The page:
Jeremy Corbyn today demanded Britain apologises for its ‘immoral’ colonial past – as he said Prince Charles should not be the next head of the Commonwealth.
The Labour leader suggested that after the Queen the figurehead of the historic body should be rotated between its member states.
He urged ministers to use a Commonwealth summit in London this week to ‘recognise’ Britain’s ‘historical role’. He referred to the displacement of the Chagos islanders to make way for a military base, and abuses in Kenya.
Appearing on the BBC’s Andrew Marr show today, Jeremy Corbyn suggested that after the Queen the figurehead of the historic body should be rotated between its member states
Prince Charles has been in Australia during the Commonwealth Games (pictured in the Northern Territory on April 9)
There are no clear rules on who should succeed the Queen as the head of the Commonwealth after her death.
There has never been another head of the group, which includes 53 nations – mostly former British territories.
But many assume Prince Charles will take over when he becomes King.
Appearing on the BBC’s Andrew Marr show today, Mr Corbyn said the Queen had a ‘deep’ commitment to the Commonwealth.
Asked if Prince Charles should take over in future, he said: ‘I think after her maybe it is a chance to decide who its leader is on a rotational basis.’
Mr Corbyn made clear he wanted ministers to say sorry for the past at the summit.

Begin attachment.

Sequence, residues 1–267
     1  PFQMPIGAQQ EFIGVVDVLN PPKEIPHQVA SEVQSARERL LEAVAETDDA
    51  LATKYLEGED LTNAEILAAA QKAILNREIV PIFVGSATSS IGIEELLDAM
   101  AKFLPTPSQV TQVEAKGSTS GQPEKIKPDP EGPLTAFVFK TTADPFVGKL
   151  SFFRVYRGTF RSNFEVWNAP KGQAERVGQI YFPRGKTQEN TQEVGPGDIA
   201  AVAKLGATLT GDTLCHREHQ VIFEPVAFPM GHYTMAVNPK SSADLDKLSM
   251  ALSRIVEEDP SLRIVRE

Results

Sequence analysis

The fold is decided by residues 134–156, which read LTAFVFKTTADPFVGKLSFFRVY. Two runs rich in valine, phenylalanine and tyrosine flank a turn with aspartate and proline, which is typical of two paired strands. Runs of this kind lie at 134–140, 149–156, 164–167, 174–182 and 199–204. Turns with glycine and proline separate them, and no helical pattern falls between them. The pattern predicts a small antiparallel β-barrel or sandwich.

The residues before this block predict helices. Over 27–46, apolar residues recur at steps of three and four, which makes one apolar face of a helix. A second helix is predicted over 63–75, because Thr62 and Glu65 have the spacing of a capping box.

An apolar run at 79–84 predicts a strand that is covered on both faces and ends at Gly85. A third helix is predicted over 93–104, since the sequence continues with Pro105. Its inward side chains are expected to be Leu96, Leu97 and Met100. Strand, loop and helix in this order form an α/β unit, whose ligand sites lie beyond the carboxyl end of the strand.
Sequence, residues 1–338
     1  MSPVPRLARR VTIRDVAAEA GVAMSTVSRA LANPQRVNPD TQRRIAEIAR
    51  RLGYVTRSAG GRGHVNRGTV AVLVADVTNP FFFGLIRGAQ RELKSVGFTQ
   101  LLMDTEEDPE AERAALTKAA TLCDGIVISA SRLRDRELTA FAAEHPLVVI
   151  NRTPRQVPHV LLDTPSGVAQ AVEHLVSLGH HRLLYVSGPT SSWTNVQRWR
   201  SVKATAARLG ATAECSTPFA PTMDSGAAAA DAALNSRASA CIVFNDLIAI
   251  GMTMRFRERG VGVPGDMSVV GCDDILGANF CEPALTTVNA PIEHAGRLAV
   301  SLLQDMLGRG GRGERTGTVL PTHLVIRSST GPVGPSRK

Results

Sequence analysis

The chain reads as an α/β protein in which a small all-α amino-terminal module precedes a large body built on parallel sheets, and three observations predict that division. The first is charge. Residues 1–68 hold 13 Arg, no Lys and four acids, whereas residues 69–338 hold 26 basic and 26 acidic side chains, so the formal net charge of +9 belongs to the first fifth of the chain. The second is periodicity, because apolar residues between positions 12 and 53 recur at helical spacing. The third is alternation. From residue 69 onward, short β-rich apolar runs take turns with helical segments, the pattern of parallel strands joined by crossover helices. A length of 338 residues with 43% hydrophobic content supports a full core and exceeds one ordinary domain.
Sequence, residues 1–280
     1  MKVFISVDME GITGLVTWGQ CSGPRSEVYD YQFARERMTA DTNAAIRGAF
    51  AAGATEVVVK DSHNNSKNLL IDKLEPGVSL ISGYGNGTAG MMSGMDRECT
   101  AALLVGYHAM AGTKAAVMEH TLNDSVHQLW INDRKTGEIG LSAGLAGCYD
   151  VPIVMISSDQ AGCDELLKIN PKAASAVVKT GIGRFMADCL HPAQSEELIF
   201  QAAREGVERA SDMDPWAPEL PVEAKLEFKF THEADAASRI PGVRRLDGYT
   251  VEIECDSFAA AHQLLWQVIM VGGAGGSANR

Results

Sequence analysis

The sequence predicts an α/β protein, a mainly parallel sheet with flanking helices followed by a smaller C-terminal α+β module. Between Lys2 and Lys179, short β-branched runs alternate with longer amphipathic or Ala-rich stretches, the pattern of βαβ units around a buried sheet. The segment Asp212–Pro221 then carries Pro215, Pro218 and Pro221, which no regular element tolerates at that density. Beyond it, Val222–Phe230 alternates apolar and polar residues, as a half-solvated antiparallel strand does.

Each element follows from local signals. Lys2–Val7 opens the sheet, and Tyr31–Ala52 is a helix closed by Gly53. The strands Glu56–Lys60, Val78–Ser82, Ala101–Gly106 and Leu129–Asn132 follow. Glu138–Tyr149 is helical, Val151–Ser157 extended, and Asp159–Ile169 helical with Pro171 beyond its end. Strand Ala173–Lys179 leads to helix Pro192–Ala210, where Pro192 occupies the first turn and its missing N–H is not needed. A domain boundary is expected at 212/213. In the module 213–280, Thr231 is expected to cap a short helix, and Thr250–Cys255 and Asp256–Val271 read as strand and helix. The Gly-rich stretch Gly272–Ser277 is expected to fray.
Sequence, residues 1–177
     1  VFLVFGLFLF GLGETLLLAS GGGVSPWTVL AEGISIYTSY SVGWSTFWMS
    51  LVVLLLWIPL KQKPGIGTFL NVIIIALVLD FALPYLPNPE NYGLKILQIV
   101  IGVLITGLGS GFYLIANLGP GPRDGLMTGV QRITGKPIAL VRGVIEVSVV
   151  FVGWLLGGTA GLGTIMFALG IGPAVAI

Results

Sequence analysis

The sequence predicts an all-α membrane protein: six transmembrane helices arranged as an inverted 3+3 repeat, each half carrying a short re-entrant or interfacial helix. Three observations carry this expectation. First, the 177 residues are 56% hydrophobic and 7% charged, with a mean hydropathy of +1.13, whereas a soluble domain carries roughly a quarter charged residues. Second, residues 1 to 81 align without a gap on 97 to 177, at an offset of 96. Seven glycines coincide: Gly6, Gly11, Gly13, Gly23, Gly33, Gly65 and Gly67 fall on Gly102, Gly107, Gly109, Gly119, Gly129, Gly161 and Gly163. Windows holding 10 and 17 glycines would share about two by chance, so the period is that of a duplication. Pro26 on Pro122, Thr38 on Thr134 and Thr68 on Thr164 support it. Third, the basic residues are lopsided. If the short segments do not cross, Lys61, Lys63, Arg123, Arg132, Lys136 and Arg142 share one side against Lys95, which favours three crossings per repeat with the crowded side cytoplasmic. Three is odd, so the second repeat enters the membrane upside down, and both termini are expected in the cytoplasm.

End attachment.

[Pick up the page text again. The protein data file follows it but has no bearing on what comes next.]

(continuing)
‘I think it is very important that Britain recognises its historical role in many of these issues,’ he said.
Shadow foreign secretary Emily Thornberry has also urged Mrs May to issue an apology to the Commonwealth
Referring to the Chagos islands case – which he has pushed for decades as a lowly backbencher – Mr Corbyn said: ‘I think it is important that the British government just recognises what Britain did to the Chagos islanders was wrong, was immoral, and gives them the right to return.’
Shadow foreign secretary Emily Thornberry has also put pressure on Theresa May to issue apologies for the past.
Writing for The House magazine last week, Mrs Thornberry made reference to David Cameron’s apology to Nelson Mandela, when he met the South African president in 2006 for the Conservative government’s failure to impose sanctions on the country during apartheid, but claimed ‘that did not go far enough’.
Last week another key member of Mr Corbyn’s team questioned whether Prince Charles was ‘level headed’ enough to take on the high profile role.
The shadow international development secretary complained the heir to the throne had not been ‘vocal on issues’.
Ms Osamor told The House magazine: ‘I don’t particularly think it should be him. Not because I have an issue with the royal family. I just don’t think it should be him.
‘I don’t really know what he’s been up to of late. He’s not been that vocal on issues.
‘But we just need someone who’s level-headed, someone people respect but also someone who thinks outside the box.’
Prince Charles has been in Australia during the Commonwealth Games and hailed the success of the organisation at the opening ceremony.
Theresa May, pictured at a press conference yesterday, is hosting the Commonwealth summit in London this week
Kate Osamor (pictured with Jeremy Corbyn at Labour conference) said last week she did not think Prince Charles should be the next head of the